“Occupiers duty of care to independant contractor”: Rabay & Anor -v- Bristow [2005] NSWCA 199

Author: Nicholas Gordon

Judgement Date: 15th June, 2005

Citation: Rabay & Anor -v- Bristow

Jurisdiction: NSW Court of Appeal[1]

In Brief

  • This case involved the duty of care owed by an occupier to an independent contractor who suffered injury whilst operating a pallet jack at the appellants’ premises.
  • The Court of Appeal affirmed the primary judge’s findings that the appellants had been negligent by failing to remove a metal bracket.

Background Circumstances

  • The respondent’s job was to deliver pallets on which were stacked cartons of groceries and similar items.  The appellants operated the Welcome Mart store at Brownsville.  At the rear of the store there was a doorway to which was affixed a roller shutter door.  Attached to the concrete floor in the centre of the doorway was a metal bracket 8mm thick and 85mm wide which protruded above the floor level by 25mm.
  • On 17 February 2000, the respondent was delivering goods to the appellants.  The goods were stacked inside the respondent’s semi-trailer on pallets which were approximately four feet square.  The respondent positioned the tailgate on the semi-trailer so that it was level with the floor of the interior of the trailer, placed a pallet jack underneath a pallet, lifted it off the floor and then pulled the laden pallet by means of the pallet jack to the tailgate.  He lowered the tailgate until it was level with the footpath, turned 90 degrees and pulled the pallet onto the footpath lining it up as he did so with the doorway.
  • The respondent then had to manoeuvre the pallet on the pallet jack up the rise of the footpath and through the doorway.  In order to move the pallet inside the store it was necessary for the respondent to pull the laden pallet jack while walking backwards through the doorway with sufficient speed and momentum to get up the rise and, at the same time, check that the goods on the pallet did not collide with the doorjambs.  The appellants’ son assisted him in this procedure by pushing the goods on the pallet jack while the respondent pulled.
  • While carrying out this task, the rear of the respondent’s right boot came into contact with the metal bracket protruding from the floor.  One of the wheels of the pallet jack then ran up on top of the steel cap of his boot causing the respondent to fall backwards, hitting the ground hard with his buttocks, causing the injuries the subject of these proceedings.
  • The respondent had delivered goods to the appellants’ premises twice before.  The primary judge found that on one of these occasions the respondent’s foot had come into contact with the metal bracket while he was walking backwards into the store and as a result he had spoken to the appellants and asked them to remove the piece of metal.  He said that the appellants had not answered but had “just smiled and signed the paperwork”.  Another driver gave evidence that he had also complained about the protruding metal bracket.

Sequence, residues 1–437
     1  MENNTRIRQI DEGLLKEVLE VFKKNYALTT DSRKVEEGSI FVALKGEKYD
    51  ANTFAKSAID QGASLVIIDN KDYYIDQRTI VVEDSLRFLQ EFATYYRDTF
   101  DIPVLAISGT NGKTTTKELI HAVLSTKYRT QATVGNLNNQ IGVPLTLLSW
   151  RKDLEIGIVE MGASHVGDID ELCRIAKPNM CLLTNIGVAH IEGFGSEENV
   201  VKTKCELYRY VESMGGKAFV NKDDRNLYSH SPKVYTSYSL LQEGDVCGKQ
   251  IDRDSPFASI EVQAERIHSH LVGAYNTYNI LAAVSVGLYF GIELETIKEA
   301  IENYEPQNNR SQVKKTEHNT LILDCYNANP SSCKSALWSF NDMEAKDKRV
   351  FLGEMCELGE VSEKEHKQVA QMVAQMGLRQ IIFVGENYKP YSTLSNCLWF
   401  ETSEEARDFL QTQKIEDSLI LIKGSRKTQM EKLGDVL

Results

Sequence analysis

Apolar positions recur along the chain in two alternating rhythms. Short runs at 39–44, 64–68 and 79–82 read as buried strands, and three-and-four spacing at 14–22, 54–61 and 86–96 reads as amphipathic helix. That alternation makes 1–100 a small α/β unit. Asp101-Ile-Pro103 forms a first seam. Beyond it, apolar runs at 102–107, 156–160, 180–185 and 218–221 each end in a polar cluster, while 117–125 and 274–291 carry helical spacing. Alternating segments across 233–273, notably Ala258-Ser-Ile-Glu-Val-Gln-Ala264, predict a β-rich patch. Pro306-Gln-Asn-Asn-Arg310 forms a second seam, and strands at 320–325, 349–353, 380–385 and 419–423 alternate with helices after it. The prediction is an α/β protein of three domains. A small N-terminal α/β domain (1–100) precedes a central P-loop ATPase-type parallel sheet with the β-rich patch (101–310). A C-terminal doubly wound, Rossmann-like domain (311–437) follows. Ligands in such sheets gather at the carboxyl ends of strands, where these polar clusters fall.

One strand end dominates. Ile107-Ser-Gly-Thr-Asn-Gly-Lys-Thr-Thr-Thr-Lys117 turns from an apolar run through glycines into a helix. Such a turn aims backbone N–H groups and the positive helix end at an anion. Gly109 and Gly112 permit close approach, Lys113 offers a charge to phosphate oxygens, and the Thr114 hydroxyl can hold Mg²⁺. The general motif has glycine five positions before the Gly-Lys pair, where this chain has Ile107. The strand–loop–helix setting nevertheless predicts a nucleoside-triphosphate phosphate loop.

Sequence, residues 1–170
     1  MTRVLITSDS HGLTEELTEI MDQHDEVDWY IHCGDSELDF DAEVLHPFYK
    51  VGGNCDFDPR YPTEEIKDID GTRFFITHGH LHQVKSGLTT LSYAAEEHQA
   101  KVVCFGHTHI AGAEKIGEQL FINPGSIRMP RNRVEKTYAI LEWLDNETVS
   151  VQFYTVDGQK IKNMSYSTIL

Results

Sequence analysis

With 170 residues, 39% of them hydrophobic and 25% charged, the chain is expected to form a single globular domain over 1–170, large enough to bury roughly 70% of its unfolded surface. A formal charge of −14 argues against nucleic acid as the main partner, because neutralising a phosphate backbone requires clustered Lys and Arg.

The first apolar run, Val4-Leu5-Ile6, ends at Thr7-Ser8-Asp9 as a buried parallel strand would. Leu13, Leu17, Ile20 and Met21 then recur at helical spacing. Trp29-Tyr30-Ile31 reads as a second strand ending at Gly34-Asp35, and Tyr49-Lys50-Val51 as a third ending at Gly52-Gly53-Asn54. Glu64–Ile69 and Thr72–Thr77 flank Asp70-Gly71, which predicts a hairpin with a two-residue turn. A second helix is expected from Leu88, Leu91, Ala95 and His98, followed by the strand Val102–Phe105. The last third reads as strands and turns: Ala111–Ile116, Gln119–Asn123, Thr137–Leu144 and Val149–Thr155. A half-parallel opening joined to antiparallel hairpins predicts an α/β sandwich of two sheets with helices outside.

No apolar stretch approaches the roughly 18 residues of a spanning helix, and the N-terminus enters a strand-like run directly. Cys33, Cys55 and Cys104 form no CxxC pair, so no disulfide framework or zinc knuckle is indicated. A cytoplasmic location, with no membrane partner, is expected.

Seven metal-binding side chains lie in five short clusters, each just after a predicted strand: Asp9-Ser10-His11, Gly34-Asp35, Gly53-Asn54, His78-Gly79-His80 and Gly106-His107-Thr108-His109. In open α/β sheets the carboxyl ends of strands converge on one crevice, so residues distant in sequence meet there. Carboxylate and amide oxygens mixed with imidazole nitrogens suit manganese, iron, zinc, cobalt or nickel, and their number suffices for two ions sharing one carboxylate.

District Court Decision

  • The primary judge concluded that the appellants had been informed prior to the subject accident that the metal bracket “represented a real and present risk to people pulling a pallet jack loaded with a pallet through the doorway”.  The primary judge also rejected the appellants’ evidence that the roller door could not be secured without the metal bracket.
  • The primary judge concluded that the metal bracket presented a reasonably foreseeable risk of injury to persons walking through the doorway and rejected the appellants’ submission that they had discharged their duty of care because the respondent was aware of the metal bracket.  He also rejected the submission that the metal bracket was likely to cause injury only if the person using the premises did not take reasonable care to avoid it.
  • In light of the above factors, the primary judge concluded that in order to discharge their duty of care the appellants were required to remove the metal bracket.  They were therefore negligent for failing to do so.  The primary judge found that there was no contributory negligence on behalf of the respondent and assessed his non-economic loss at 31% of “a most extreme case”.  The respondent was also awarded economic loss.

Court of Appeal Decision

  • The appellants submitted that the duty of care owed to the respondent was that of reasonable care on the assumption that he, as an entrant to the premises, would take care to avoid and deal with obvious hazards which were known to him and which the existence of reasonable care on his part enabled him to avoid.  In essence the appellants’ argument was that the mode of delivery was a matter for the respondent and that the injuries were not caused by the condition of the premises but by the respondent’s failure to exercise reasonable care in entering the premises in circumstances where he was “entirely in control of the events”.